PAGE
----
In between catwalks, model Coco Rocha took to her blog, Oh So Coco, yesterday to clear up some of the drama surrounding reports earlier this week that she had complained about being too large to walk the runway. The New York Daily News wrote that Rocha, a size four, has insinuated she was “out of favor on the runway.” Coco was also directly quoted in a New York York Times article saying, “I’ve been told to lose weight when I was really skinny … You know what, I’ve stopped caring. If I want a hamburger, I’m going to have one. No 21-year-old should be worrying about whether she fits a sample size.”
Clearly, somebody was unhappy with Rocha’s comments because last night the Canadian model penned a post on her own blog saying it was “necessary to properly express my point of view, without outside editing.”Rocha flat-out denied she ever insinuated or directly said that she is too “fat” for the runway:
“No. I am still used and in demand as a model. In fact I find myself busier than ever. In the past few years I have not gained an extreme amount of weight, only an inch here and there as any young woman coming out of her teenage years would.”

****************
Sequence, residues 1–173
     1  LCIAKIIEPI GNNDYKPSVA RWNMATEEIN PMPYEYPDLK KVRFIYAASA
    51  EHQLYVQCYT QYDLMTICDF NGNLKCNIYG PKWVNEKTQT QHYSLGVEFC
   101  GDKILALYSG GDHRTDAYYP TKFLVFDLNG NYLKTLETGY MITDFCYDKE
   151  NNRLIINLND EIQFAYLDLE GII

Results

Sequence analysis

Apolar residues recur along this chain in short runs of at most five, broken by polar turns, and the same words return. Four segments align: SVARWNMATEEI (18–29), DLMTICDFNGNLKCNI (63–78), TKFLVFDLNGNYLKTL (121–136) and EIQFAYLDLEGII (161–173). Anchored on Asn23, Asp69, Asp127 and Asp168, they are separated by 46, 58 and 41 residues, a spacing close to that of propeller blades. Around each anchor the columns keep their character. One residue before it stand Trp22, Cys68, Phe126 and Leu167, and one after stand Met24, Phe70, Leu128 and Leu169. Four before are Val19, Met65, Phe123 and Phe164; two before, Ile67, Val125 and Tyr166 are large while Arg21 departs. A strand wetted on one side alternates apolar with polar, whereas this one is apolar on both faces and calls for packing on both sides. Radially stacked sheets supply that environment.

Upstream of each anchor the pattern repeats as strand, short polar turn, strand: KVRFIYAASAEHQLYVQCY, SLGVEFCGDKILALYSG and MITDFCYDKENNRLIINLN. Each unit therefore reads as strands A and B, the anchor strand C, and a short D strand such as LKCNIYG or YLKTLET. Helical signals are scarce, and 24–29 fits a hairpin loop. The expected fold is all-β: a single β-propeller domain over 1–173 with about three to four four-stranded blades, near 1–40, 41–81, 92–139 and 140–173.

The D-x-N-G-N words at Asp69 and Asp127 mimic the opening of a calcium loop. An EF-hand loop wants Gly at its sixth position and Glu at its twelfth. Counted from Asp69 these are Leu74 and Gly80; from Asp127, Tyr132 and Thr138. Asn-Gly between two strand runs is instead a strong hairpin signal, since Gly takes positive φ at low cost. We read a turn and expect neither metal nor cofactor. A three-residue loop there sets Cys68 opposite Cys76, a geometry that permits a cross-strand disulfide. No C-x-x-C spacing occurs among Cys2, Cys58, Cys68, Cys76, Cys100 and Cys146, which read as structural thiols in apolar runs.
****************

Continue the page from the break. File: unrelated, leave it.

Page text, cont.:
But Rocha did still rebuke her industry, stating, “We need changes.” She asked, rather eloquently, “How can any person justify an aesthetic that reduces a woman or child to an emaciated skeleton? Is it art? Surely fashion’s aesthetic should enhance and beautify the human form, not destroy it.” Agreeing with opinions voiced at a recent meeting of the Council of Fashion Designers of America, Rocha said she believes girls under the age of 16 should not be working, but if they do, they should be escorted by guardians to castings, shows and shoots.
All that’s well and good, of course. But the real question when models (like plus-size model Crystal Renn before her) or even the CFDA speak out about emaciated models is whether anyone actually has the power to force change, instead of these toothless “I hopes” and “We shoulds.” [Oh So Coco, New York Times, New York Daily News]